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Head Games: How Tournament Strategy Is Determined by Your Opponent’s Stack Size and Your Own
With Blair Hinkle, Chris “Fox” Wallace, and Matt Salsberg
by Craig Tapscott | Published: Apr 16, 2014
Craig Tapscott: One of the biggest differences between cash games and tournaments is the wide variety of stack sizes that you have to deal with. Short and mid-stacked play can be the difference between a bubble and a deep finish. Share how do you deal with different stack sizes in tournament play.
Blair Hinkle: It can be very tough navigating the table having to worry about short stacks mixed in between some medium and big stacks. Short and medium stack play is a little bit simpler as you will usually have an all-in decision before the river card is even dealt. So I’ll try to focus more on deeper stacked play, as that can get very complicated.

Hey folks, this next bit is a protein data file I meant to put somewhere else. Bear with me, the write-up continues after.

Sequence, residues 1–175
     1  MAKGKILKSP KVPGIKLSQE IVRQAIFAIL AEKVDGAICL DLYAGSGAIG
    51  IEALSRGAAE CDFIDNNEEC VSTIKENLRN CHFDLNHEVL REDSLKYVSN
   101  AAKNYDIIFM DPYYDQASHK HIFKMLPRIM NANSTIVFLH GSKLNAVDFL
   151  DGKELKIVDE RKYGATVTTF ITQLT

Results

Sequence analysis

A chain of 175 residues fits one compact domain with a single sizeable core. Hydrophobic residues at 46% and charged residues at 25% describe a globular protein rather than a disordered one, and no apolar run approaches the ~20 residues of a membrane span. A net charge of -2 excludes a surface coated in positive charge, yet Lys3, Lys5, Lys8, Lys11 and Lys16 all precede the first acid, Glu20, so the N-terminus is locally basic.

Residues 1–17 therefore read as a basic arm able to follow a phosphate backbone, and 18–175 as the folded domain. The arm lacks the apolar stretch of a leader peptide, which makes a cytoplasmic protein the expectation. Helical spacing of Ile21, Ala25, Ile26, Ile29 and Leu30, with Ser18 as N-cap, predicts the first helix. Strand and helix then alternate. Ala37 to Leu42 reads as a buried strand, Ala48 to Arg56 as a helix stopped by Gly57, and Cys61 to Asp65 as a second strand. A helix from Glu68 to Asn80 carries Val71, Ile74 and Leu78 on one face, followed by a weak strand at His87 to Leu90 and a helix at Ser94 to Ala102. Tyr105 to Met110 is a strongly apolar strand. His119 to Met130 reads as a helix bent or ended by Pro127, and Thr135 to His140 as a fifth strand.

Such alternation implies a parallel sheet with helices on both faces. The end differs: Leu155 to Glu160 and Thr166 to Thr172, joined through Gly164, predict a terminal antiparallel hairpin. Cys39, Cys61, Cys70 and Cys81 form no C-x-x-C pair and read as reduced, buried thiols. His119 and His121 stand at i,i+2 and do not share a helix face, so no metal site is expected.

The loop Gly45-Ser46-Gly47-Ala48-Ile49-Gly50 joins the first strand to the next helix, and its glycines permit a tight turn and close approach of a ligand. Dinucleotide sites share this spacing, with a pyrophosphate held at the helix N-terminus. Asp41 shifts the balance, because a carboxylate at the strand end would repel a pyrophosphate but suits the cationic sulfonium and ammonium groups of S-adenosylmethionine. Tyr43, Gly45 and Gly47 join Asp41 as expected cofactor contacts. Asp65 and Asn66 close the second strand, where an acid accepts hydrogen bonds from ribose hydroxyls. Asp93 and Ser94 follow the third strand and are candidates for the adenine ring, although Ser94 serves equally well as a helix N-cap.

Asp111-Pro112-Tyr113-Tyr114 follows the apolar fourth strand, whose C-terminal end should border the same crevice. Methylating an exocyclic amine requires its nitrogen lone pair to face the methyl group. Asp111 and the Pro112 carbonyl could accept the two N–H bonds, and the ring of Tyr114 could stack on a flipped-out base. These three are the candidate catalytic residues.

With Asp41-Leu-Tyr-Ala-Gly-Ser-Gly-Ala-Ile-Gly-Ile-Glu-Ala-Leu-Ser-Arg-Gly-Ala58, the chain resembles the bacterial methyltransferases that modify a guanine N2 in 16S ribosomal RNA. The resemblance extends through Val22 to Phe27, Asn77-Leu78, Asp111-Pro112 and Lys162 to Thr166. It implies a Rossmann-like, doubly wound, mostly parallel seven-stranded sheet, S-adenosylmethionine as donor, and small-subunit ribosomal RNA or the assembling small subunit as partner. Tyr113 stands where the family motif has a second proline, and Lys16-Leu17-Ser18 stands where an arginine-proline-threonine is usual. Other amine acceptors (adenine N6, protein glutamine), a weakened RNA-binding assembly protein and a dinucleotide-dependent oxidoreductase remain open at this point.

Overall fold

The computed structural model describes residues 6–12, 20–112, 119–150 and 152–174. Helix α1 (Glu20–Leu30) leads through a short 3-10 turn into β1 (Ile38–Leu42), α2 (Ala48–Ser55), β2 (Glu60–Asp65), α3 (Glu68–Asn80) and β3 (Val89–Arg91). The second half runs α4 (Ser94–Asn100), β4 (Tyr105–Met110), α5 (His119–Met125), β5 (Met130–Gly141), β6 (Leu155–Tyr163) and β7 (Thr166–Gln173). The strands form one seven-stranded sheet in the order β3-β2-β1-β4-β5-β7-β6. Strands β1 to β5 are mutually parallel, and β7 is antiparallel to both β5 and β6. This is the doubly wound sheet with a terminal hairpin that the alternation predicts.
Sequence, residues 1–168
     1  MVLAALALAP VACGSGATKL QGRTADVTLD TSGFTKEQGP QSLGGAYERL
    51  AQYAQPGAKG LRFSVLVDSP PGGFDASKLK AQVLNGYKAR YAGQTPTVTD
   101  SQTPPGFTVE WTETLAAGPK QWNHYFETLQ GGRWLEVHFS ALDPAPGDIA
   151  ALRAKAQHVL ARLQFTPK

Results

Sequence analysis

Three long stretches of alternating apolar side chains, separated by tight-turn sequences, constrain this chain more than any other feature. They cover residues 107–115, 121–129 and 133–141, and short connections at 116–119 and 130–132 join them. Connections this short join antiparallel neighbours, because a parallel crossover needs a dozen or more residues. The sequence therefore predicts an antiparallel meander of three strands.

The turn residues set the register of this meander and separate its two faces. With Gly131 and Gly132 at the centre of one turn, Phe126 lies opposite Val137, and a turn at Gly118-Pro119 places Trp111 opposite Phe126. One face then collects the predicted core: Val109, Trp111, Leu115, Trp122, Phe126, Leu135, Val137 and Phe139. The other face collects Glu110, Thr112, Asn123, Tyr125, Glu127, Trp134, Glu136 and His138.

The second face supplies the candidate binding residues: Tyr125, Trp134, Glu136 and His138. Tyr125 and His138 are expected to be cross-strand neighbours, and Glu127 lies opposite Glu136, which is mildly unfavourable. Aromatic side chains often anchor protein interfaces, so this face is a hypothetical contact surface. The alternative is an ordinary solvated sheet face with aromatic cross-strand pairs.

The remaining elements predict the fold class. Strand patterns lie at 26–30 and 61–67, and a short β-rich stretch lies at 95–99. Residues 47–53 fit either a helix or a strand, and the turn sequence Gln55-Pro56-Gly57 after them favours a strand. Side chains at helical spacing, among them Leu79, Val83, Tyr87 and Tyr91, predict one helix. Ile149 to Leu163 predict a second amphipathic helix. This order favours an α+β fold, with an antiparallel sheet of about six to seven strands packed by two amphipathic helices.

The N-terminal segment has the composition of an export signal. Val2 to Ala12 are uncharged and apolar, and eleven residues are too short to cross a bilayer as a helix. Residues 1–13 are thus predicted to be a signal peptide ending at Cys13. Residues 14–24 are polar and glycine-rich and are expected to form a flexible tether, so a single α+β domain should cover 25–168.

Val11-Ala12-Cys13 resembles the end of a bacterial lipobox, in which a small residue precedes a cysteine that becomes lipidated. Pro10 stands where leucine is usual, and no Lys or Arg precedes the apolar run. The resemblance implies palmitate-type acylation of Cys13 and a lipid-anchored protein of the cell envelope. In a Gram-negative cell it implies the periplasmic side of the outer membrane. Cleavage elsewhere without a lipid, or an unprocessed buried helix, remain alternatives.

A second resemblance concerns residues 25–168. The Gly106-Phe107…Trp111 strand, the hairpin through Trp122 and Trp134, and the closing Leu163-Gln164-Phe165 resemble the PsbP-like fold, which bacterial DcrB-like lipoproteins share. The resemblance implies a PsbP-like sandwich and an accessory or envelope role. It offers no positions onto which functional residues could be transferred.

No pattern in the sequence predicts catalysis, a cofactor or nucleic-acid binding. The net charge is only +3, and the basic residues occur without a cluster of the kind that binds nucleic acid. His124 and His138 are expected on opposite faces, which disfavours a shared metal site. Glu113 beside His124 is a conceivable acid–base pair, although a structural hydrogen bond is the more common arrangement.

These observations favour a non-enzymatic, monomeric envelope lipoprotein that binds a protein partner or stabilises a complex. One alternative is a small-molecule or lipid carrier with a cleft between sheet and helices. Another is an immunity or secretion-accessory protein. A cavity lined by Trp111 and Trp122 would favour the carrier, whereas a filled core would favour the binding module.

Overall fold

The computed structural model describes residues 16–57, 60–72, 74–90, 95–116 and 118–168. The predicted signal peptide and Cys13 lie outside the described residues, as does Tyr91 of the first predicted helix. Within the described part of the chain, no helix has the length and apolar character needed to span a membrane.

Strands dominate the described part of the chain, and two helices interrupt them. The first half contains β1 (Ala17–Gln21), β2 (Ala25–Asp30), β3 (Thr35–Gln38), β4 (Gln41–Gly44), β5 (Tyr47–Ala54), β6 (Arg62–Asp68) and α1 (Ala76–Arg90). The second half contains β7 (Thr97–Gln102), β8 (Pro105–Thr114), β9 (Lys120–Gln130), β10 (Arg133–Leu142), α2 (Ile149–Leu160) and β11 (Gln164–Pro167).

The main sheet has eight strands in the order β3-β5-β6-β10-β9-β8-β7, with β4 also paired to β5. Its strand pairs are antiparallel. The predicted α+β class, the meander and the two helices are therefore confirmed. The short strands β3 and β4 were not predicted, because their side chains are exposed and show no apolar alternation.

I know that the argument between online and live players has a lot to do with three-betting and four-betting versus keeping pots smaller and playing to your postflop edge. I like to mix in both strategies when I play, but I definitely prefer the latter. The reason being, when you are deep stacked enough to five-bet preflop, and then still see a flop, the pot is extremely inflated and mostly increases the variance for yourself and the opponent you are battling with. This does result in a big stack for yourself when you win these battles which is very useful, but when you lose you are stuck playing short stacked or out of the tournament early.